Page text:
The practice of burning charcoal to service household cooking and heating needs, common in urban and peri-urban Lusaka as in other parts of sub-Saharan Africa, creates an array of health, livelihood and environmental problems. In this paper, we examine the drivers of current energy use practices, the capacity of households to change current practices, and the needs and wants of users that might motivate or hinder such a change.
Fifteen low- and middle-income households in Lusaka were interviewed and observed. Virtually all showed some attachment to the traditional mbaula stove, which uses charcoal as fuel, but when asked about observed shortcomings, they recognized these – especially in terms of cost and health. They also expressed a willingness to explore alternatives, but cannot afford one appealing option, cooking with electricity, because it is deemed too expensive for many low- and middle-income households. The livelihood constraints of local tinsmiths who produce mbaulas, meanwhile, prevents them from investing time in exploring improvements to their stoves.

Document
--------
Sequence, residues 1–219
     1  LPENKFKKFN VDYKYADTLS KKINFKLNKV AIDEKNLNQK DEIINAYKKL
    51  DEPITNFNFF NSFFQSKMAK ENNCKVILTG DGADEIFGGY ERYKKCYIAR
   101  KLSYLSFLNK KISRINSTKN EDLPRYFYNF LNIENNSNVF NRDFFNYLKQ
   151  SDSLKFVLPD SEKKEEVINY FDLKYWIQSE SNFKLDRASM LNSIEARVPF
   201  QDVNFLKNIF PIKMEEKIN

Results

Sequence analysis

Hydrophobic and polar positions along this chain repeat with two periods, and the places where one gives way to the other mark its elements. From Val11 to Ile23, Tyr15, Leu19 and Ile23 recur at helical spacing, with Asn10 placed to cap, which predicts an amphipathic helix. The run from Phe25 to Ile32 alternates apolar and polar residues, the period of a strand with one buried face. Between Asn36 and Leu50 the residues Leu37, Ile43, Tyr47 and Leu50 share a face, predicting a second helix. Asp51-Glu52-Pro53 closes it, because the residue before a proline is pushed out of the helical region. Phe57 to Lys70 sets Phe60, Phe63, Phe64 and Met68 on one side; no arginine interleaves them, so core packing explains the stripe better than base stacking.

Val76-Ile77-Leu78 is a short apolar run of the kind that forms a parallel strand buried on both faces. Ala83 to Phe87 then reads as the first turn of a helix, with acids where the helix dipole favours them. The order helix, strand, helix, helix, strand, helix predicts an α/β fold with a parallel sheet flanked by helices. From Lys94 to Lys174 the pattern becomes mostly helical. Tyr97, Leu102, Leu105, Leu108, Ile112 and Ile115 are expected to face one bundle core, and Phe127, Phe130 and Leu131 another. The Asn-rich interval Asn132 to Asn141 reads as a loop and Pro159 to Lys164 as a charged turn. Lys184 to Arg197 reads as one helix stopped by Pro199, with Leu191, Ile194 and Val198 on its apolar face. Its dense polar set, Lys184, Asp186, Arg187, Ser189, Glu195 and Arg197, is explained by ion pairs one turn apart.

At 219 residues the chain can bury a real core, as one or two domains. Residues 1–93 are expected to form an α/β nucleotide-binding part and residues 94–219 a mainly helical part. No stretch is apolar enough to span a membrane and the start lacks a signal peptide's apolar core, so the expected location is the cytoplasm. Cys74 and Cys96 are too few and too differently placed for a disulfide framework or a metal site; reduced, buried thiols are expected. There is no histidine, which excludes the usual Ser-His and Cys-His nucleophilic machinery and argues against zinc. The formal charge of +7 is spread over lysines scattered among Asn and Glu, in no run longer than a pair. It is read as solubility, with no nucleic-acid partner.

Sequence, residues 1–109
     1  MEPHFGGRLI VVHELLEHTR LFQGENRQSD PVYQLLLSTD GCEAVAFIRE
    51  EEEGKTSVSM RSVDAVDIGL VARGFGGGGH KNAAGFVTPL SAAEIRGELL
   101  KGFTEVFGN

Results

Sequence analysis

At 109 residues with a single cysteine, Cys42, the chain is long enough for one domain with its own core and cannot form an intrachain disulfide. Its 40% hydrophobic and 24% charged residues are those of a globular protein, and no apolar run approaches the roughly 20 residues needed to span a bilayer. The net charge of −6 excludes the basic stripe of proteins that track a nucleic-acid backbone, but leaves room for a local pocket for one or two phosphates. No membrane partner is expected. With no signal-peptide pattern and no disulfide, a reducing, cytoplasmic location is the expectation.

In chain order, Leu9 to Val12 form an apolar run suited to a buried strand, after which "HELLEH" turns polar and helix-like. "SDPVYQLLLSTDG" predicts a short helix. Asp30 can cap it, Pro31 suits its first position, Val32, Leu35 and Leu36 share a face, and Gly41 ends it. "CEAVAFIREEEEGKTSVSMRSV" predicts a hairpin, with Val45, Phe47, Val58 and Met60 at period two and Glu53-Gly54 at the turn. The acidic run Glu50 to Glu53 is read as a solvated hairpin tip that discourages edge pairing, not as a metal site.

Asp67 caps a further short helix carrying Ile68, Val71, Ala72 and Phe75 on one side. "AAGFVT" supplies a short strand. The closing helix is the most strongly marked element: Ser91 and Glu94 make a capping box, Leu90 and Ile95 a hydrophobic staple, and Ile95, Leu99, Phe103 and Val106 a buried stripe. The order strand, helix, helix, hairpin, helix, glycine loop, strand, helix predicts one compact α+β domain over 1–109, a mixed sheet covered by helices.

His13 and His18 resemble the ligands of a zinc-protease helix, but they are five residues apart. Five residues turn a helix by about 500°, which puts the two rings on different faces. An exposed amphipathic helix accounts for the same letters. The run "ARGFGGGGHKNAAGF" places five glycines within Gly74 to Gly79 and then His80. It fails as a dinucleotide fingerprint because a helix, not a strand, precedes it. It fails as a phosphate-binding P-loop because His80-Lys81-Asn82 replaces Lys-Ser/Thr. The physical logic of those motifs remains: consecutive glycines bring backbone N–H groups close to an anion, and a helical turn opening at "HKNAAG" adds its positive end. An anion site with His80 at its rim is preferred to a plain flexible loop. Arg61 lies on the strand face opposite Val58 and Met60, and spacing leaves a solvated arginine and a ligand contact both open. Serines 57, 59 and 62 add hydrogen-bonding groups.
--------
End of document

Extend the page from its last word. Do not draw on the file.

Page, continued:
The study suggests three actions might help to significantly reduce charcoal use in Lusaka: introducing more efficient cookstoves which closely resemble the mbaula and are locally made; promoting simple and inexpensive solar water heating devices to reduce charcoal demand for water heating; and electricity price restructuring to lower tariffs for the poor. Specific design elements for an improved charcoal stove are also suggested.
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